Cover: Challenges and Choices for Crime-Fighting Technology  Federal Support of State and Local Law Enforcement

Challenges and Choices for Crime-Fighting Technology Federal Support of State and Local Law Enforcement

Published 2001

by William Schwabe, Lois M. Davis, Brian A. Jackson

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Under the American federal system, most law is cast as state statutes and local ordinances; accordingly, most law enforcement is the responsibility of state and local agencies. Federal law and federal law enforcement come into play only where there is rationale for it, consistent with the Constitution. Within this framework, a clear role has been identified for federal support of state and local agencies. This report provides findings of a study of technology in use or needed by law enforcement agencies at the state and local level, for the purpose of informing federal policymakers as they consider technology-related support for these agencies. In addition, it seeks to characterize the obstacles that exist to technology adoption by law enforcement agencies and to characterize the perceived effects of federal assistance programs intended to facilitate the process. The study findings are based on a nationwide Law Enforcement Technology Survey and a similar Forensics Technology Survey (FTS) conducted in late spring and early summer2000, interviews conducted throughout the year, focus groups conducted in autumn 2000, and review of an extensive, largely nonacademic literature. Companion reports: Schwabe, William, Needs and Prospects for Crime-Fighting Technology: The Federal Role in Assisting State and Local Law Enforcement, Santa Monica, Calif.: RAND, 1999. Davis, Lois M., William Schwabe, and Ronald Fricker, Challenges and Choices for Crime-Fighting Technology: Results from Two Nationwide Surveys, Santa Monica, Calif.: RAND, 2001.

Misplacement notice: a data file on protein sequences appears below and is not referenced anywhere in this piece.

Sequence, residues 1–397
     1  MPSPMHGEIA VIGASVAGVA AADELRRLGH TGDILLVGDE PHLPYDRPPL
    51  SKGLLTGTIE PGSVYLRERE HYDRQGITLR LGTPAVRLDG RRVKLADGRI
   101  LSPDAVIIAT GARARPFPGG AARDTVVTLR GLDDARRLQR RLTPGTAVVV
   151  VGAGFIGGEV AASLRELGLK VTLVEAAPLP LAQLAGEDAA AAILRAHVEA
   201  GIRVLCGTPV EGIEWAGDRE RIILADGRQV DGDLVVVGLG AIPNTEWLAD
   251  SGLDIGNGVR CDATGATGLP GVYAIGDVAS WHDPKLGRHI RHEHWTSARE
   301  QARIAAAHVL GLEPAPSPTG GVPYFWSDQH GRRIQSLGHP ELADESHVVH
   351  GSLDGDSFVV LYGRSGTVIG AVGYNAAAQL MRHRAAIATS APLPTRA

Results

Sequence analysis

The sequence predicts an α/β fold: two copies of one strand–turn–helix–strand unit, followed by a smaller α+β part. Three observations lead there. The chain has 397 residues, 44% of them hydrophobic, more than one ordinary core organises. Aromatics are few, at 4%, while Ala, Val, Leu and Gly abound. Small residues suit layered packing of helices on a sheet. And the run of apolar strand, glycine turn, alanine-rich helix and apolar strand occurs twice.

"A local agency may think they need certain types of technology, but after reading this they may realize some technology could be a hindrance to operations … Schwabe et al. (2001) created an informative study which could be useful for policy makers, law enforcement agencies, and researchers. This publication was a good example of how research can be transformed into informed policy recommendations."

- Criminal Justice Policy Review

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